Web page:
Murals in Kamloops are often associated with the downtown core, but they're spreading to the North Shore.
The newest project is currently being painted by Zach Abney, who started this weekend on a project at the corner of Tranquille Road and Aspen Street, on the side of the building housing Hatsuki Sushi.
The mural, designed to be a long if not particularly tall piece of work, stretches along Aspen from Tranquille up to Hilltop Avenue. The larger section will depict parents with a child overlooking Kamloops Lake from the Cooney Bay area.
"We wanted something that showed an area of Kamloops that a lot of people have fond memories of," Abney says. "This is supposed to be out by Tranquille Farms there, down along the beach."
"I'm hoping to capture the essence of one of the sunsets out there and everything should tie in to a topographic map that's going to be down on the far side," he adds.
While not explicitly referencing COVID-19, he says the pandemic did influence the choice of subject matter.
"When I was talking to Jeremy from the North Shore Business Improvement Association and...two of the people who manage the building here, we were talking about the idea of community and families getting and stuff like that," Abney says. "Especially with all th COVID stuff that's been going on."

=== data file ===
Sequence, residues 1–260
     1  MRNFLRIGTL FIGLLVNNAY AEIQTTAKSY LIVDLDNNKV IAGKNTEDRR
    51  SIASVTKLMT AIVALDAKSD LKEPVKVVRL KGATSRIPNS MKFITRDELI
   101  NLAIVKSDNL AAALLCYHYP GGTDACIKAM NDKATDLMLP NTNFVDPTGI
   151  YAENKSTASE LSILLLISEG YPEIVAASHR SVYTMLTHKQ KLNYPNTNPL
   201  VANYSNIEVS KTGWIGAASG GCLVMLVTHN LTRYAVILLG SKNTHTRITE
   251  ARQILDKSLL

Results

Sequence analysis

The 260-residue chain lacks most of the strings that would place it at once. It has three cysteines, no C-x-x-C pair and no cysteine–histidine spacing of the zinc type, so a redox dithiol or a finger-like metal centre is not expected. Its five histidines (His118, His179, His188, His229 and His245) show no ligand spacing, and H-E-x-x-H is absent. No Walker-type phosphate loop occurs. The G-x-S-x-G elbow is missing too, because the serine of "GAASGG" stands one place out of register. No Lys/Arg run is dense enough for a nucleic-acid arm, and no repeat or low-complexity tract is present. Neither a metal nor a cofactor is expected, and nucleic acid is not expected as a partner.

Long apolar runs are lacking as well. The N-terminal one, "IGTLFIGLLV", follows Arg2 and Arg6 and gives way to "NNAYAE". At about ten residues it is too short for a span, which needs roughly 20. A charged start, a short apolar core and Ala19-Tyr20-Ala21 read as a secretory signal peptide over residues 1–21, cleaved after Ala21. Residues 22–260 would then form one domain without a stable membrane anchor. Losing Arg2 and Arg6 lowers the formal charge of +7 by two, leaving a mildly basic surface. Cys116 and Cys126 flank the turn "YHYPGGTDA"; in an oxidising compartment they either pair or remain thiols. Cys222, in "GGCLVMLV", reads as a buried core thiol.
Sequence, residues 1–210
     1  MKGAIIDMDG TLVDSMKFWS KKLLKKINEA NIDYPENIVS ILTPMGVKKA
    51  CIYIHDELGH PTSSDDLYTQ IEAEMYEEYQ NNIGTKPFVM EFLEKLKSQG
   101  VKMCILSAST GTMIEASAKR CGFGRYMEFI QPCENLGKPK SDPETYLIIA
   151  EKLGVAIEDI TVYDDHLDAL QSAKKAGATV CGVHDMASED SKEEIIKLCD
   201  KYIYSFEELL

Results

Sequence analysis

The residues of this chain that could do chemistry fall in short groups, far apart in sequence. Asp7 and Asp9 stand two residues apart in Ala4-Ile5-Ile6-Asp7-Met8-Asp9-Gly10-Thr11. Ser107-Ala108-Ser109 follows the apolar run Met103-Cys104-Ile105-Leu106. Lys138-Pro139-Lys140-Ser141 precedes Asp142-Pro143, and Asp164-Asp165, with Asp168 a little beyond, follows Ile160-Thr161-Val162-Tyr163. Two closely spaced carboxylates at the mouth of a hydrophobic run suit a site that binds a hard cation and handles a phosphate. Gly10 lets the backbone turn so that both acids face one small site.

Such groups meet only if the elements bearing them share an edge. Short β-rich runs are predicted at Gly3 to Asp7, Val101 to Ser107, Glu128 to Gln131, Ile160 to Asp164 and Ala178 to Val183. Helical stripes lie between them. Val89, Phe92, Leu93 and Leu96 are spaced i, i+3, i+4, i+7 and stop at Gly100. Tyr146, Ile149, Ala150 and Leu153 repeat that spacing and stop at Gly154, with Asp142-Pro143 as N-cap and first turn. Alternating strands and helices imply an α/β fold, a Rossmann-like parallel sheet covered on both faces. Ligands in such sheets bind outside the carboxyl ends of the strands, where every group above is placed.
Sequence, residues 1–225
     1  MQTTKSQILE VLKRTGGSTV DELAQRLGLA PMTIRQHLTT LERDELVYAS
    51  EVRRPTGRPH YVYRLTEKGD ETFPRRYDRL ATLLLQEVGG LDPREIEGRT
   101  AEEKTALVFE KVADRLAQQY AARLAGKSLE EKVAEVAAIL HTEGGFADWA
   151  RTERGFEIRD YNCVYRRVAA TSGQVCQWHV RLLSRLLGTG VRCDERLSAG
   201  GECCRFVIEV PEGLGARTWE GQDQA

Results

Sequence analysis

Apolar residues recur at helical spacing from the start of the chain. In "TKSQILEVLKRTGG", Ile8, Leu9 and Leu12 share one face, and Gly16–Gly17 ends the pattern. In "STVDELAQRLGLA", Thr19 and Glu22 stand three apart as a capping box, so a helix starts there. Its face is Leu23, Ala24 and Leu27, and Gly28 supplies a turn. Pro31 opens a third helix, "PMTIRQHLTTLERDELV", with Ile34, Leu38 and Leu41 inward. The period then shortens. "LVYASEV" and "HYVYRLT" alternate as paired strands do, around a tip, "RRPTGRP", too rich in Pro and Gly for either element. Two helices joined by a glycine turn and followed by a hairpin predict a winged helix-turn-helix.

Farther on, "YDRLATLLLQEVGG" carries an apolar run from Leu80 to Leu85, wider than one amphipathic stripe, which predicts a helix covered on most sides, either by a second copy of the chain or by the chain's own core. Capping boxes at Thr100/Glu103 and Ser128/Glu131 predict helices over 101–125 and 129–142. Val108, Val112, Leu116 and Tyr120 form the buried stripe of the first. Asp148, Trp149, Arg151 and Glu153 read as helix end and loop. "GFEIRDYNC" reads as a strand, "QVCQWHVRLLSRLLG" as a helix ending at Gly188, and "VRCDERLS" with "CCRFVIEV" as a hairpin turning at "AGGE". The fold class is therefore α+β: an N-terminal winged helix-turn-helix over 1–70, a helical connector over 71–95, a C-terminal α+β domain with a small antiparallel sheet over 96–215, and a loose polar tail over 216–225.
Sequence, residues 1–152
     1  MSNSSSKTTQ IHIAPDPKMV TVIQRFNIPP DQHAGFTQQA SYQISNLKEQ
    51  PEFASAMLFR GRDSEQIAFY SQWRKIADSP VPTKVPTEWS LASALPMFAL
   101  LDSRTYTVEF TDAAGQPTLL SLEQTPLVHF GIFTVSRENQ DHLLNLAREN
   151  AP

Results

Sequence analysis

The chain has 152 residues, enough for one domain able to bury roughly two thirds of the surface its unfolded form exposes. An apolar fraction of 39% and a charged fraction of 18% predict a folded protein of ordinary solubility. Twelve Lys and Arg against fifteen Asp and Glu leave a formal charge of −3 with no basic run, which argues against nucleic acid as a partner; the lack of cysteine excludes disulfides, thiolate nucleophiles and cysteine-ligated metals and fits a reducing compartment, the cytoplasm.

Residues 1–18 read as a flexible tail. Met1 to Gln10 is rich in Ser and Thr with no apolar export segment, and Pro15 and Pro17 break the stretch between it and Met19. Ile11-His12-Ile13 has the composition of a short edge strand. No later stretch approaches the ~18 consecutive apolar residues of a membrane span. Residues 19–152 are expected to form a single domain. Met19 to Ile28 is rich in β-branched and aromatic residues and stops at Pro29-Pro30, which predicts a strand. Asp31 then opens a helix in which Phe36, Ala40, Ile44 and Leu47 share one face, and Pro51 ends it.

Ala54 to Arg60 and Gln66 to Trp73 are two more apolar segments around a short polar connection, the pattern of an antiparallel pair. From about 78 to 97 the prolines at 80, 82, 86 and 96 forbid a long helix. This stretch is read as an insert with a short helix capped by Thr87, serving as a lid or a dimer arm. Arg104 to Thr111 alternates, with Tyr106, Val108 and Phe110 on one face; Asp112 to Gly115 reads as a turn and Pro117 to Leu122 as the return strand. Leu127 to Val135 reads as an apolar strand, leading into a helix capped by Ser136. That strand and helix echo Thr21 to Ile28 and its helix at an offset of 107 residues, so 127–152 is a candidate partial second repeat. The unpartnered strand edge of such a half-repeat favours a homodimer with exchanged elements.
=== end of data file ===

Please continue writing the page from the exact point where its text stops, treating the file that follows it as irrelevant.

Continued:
"So we figured it would be a good idea to do a mural that focused more around community and trying to get outside."
Anyone driving by this week will see a rough version of what the finished piece will look like; Abney works with CP Rail and will be away for a week. He's started on the wall, but only to sketch out the idea. He'll be fleshing it out over the coming weeks and hopes to wrap up before Canada Day.
"It's been really nice working on the North Shore," he says. "People are just as supportive on the North Shore as they are downtown."
He adds that being part of the rejuvenation of the North Shore is interesting.
"It's been cool, i like seeing all the development going on," he says. "It's neat to be part of all the change that's going on down here."
With talks ongoing about more murals elsewhere on the North Shore, Abney says he's heard a bit of jealousy from other Interior cities.
"I know talking to people in Kelowna and Penticton they wish they had a similar thing going on where they were," he says. "So we're pretty lucky to have that."